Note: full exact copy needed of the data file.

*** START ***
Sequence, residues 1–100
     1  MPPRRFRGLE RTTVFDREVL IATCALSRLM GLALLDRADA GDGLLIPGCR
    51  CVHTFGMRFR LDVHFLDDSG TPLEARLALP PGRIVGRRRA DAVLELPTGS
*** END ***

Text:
Sequence, residues 1–100
     1  MPPRRFRGLE RTTVFDREVL IATCALSRLM GLALLDRADA GDGLLIPGCR
    51  CVHTFGMRFR LDVHFLDDSG TPLEARLALP PGRIVGRRRA DAVLELPTGS